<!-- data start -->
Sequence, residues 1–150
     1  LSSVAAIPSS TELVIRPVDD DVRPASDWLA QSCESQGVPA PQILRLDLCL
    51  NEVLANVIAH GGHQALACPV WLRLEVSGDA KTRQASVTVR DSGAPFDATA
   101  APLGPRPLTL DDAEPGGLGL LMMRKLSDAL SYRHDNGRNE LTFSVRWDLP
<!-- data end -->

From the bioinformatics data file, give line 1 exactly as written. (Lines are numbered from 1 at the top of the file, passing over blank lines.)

Sequence, residues 1–150